Yesterday in my comments to O's great post, I wrote how the Huskies coaches seemed to have tweaked their defesnive scheme by moving their DBs up and not only taking away our running game, but breaking up the rhythm of our short passing game through most of first three quarters. Put it simply, until DO got his groove back, our passing game which often seems to primarily feature a horizontal attack using our TEs, backs, and wide receivers in short-medium range, was in disarray. Lot of it had to do with DO simply not being in rhythm but also a lot of pressure the Washington defense put on our young receivers.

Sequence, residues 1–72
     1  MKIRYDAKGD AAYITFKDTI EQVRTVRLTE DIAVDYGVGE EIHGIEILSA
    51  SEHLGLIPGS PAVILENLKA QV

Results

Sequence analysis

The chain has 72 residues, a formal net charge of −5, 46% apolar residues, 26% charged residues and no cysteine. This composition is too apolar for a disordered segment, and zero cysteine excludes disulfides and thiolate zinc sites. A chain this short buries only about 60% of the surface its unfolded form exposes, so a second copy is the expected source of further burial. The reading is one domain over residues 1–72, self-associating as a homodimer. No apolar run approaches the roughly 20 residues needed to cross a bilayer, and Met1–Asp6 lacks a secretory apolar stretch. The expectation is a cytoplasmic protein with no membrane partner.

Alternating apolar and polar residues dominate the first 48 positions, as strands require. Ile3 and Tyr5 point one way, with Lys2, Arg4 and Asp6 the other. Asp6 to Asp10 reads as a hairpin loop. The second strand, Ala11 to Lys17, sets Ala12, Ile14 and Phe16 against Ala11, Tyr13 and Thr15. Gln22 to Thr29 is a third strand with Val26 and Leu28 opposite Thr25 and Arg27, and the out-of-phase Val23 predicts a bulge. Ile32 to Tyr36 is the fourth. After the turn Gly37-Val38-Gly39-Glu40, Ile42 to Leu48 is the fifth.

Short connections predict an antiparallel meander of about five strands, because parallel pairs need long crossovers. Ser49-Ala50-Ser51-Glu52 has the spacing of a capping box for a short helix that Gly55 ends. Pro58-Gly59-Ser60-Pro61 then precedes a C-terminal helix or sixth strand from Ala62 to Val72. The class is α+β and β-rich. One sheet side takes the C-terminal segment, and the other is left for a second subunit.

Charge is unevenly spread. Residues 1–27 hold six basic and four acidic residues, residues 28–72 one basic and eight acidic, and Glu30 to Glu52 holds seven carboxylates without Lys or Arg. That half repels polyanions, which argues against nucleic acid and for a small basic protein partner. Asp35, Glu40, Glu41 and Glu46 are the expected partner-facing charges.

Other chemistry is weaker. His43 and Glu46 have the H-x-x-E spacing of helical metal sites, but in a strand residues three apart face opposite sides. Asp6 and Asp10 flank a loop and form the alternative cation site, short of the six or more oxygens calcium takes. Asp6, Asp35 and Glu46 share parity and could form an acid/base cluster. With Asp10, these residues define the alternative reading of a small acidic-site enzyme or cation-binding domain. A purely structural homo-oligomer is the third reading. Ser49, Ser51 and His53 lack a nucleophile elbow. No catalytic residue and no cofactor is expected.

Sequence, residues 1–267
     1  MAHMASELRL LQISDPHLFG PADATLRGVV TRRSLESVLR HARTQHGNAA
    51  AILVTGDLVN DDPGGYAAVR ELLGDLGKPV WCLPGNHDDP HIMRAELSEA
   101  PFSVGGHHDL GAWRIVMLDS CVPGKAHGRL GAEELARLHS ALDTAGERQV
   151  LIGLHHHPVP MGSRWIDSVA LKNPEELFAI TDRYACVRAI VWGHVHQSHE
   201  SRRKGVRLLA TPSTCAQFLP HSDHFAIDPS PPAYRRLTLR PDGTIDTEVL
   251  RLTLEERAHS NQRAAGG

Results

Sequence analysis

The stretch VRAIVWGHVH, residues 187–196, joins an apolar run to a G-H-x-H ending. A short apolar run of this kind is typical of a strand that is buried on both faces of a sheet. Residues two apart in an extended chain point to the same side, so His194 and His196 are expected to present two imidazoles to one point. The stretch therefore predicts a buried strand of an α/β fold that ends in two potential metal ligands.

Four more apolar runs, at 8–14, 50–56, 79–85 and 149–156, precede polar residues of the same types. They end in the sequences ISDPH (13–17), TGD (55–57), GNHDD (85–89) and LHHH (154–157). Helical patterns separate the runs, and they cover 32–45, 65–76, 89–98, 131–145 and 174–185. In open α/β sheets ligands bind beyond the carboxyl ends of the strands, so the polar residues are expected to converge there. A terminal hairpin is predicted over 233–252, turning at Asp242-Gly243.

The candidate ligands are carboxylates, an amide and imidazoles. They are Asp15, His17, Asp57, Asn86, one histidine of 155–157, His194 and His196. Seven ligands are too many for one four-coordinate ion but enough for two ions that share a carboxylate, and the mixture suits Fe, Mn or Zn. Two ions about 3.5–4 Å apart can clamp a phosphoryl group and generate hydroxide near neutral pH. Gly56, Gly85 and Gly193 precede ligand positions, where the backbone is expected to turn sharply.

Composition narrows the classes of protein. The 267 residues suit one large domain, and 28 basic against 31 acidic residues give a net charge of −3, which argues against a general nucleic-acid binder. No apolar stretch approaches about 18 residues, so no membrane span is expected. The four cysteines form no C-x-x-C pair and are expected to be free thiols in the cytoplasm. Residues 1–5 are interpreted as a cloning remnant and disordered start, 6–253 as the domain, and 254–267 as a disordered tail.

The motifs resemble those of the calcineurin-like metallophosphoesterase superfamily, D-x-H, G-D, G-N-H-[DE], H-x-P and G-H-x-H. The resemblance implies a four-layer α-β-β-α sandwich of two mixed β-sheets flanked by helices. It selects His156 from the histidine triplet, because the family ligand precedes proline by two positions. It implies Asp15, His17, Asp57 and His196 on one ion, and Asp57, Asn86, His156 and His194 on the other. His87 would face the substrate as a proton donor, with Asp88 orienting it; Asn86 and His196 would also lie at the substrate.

I would have to think the Cal staff will be watching a lot of the tape from Saturday's game and may take in or implement some of the defensive strategies Willingham's staff effectively used in our last game. Which brings me to this EDSBS post on stopping Urban Meyer's passing scheme, which is heavily dependent on a horizontal passing scheme. Orson and co, who are still recovering from their TTown funk, wrote about how the Tide defense effectively stopped the Gators short yardage passing game:
Urban Meyer's system produced many long plays from scrimmage last year, but not typically with a vertical attack. The offense puts alot of horizontal pressure on a defense, making it imperative that the first man make the tackle because the defense is stretched thin. Thus, a short play often became a long play following a missed tackle. Tennessee and Alabama did not miss many tackles which turned an offense which is explosive in the stat book a year ago into one Woody Hayes would have been proud of... except Woody Hayes would find a way to protect his quarterback.